The study shows that the toxic emissions increase in petrol cars from BSII to BS III level. The study explains this on the basis of literature survey that attributes the increase to the reduction in aromatics, olefins etc in petrol fuel. Similarly, improvement in cetane number and reduction in sulphur levels (reference fuels as per regulations have very low sulphur) have been cited as the reasons for increase in emissions from BSII to BSIII diesel cars.

But the study has not analysed the fuel properties of the fuels used. The study only mentions specifications of reference fuels which is not adequate. There is no information on actual oxygen or aromatic content of the fuels used for testing. How can it then correlate the changes with the changes in fuel composition? Globally studies have been carried out on the influence of oxygen, aromatics, olefins and sulphur on aldehydes emissions. And these studies show that it might be possible that aldehydes are more dependent on oxygenates than on aromatics or sulphur content. Studies show oxygen content can also be a very critical parameter regarding aldehydes. Higher aromatics content can also lead to some increase in aldehydes. Sulphur may not show any significant influence. In fact global studies show that higher sulphur content can typically increase emissions from petrol cars due to harmful effect on the three-way catalysts. But the study has not explained any of this. It has also not drawn any policy conclusion from this aspect of their result or suggested any control strategy.

5. Wrong and contradictory conclusions drawn in the study
In some parts of the document the substantive conclusion and the data do not match. For instance, the pai charts on vehicle wise emissions data as well as the comprehensive table on emissions data in the Annexure show clearly the emissions values of various aldehyde and carbonyl compounds from diesel cars. But the conclusion section of the study mentions “Considering Diesel engine fuels, Propionaldehyde, acetone, Crotonaldehyde, Methyl ethyl ketone, n-Butyraldehyde, Methacrolein, Benzaldehyde, m-Tolualdehyde and Hexanal emissions were absent……...”  The same paragraph further mentions – “The aldehyde emissions are absent….” In diesel cars (Pg 61). What can be the reason for this observation and incongruity when the data is showing clearly the emissions level from diesel cars?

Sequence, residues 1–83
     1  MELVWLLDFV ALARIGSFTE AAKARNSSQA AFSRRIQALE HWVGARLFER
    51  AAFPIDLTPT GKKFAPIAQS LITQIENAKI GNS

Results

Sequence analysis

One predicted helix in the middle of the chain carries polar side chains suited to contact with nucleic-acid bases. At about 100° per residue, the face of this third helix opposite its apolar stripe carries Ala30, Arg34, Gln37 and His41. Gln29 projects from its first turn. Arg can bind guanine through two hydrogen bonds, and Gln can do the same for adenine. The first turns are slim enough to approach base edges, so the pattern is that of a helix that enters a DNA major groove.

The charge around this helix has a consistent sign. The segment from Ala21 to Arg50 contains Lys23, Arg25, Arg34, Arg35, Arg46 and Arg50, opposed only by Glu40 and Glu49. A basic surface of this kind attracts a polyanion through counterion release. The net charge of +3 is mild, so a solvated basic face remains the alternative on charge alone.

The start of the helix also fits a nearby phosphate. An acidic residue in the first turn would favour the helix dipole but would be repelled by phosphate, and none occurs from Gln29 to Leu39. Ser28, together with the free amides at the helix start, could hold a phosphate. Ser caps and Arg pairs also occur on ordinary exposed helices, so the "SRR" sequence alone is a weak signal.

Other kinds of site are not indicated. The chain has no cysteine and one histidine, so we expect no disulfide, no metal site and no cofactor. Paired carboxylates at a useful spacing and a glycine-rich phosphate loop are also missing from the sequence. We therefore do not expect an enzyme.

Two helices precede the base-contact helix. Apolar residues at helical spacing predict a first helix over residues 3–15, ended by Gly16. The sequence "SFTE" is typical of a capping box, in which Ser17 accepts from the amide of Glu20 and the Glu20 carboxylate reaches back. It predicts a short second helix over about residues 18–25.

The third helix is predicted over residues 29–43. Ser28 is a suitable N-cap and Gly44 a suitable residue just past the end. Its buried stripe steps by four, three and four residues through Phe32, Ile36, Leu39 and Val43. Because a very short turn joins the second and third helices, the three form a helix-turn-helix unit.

6. What needs to be done?

We would urge CPCB to recall and urgently review this study and modify to address the concerns raised and make this study more scientifically tenable. For this review we would like to suggest the following issues for consideration:  

1. The study must explain the rationale for selecting only carbonyls, aldehydes and the reason for combining them with methane. The study should be broadened in its scope to assess emissions of all major air toxics associated with vehicles to avoid misleading ranking of fuels. The study must also indicate the unit risk factors of all major mobile source air toxics and include a caveat on the toxicity of diesel particulates that are classified internationally as toxic air contaminant and as probable human carcinogen

2. Methane data should be separate from the air toxics.

3. If one of the objectives of this study is to compare the warming potential of the fuel-vehicle systems then the study should provide CO2 emissions data and also generate data on other prominent greenhouse gas emissions.  Only data on methane will not help to make the comparison on warming potential of different vehicle-fuel systems. Moreover, the study towards the end has ranked only fuels. But comparison of fuels is normally done based on lifecycle analysis of upstream and downstream emissions.